No element of the 21st Century Cures Act received greater public acclaim than the $4.8 billion in new funding for the National Institutes of Health, which Congress may parcel out to the agency over the next 10 years to pursue a “moonshot” to cure cancer, investigate brain chemistry and develop individualized or precision medicine.
“The bill is a crucial step towards removing barriers to innovation, securing funding for major initiatives like the Cancer Moonshot, and streamlining drug development to ensure more patients benefit more quickly from lifesaving therapies and devices,” said Mary Woolley, CEO of ResearchAmerica, which lobbies for more money for NIH.
“This targeted funding will be an important supplement to the yearly NIH base budget increases that are essential to ensure stable and efficient progress across the spectrum of diseases,” the Association of American Medical Colleges, whose members receive about 80% of NIH grants, said in a statement.
In her statement, Woolley expressed regret that the bill raided the Prevention and Public Health Fund to offset the costs of the Cures Act, “which will inevitably impact efforts to address health threats.”
So what, exactly, did NIH gain through this diminishment of prevention and public health and the potential weakening of Food and Drug Administration drug and device approval standards that was the initial impetus for the bill, which was signed into law by President Barack Obama today?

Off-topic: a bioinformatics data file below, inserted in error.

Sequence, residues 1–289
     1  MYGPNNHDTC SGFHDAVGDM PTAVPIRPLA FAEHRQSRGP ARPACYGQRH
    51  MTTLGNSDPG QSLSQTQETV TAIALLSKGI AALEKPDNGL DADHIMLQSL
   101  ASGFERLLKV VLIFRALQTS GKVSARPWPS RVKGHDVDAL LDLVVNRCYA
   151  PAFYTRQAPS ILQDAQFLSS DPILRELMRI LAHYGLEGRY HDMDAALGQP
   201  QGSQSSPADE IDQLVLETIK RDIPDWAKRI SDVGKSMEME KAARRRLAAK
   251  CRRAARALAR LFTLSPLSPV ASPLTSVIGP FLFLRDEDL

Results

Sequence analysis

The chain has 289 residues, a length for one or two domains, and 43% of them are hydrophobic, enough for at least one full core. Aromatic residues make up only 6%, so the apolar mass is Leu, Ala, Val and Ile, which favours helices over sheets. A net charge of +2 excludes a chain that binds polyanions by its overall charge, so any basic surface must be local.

The $4.8 billion over 10 years (assuming it is appropriated) is in addition to the regular increases that NIH may or may not get.
It's always tough to make assumptions about what future Congresses will do. But its record over the past 10 years—most of which was under Republican control as it is now—leaves little room for hoping that major increases are in the offing. The average annual average increase over the last decade was 1.3%. (The 2009 stimulus bill contained an additional $10 billion for NIH, but that was never built into its base budget.)
So what will the appropriations look like if Congress treats NIH the same way in its regular appropriations over the next decade (a 1.3% annual increase), and fully funds the Cures Act?
The following charts make those two assumptions. At the end of the period (2026), NIH's total annual budget will be $36.99 billion, not the $36.77 billion they'd be getting without the Cures Act. Total spending on research over the period will be $351.9 billion, up from $347.1 billion.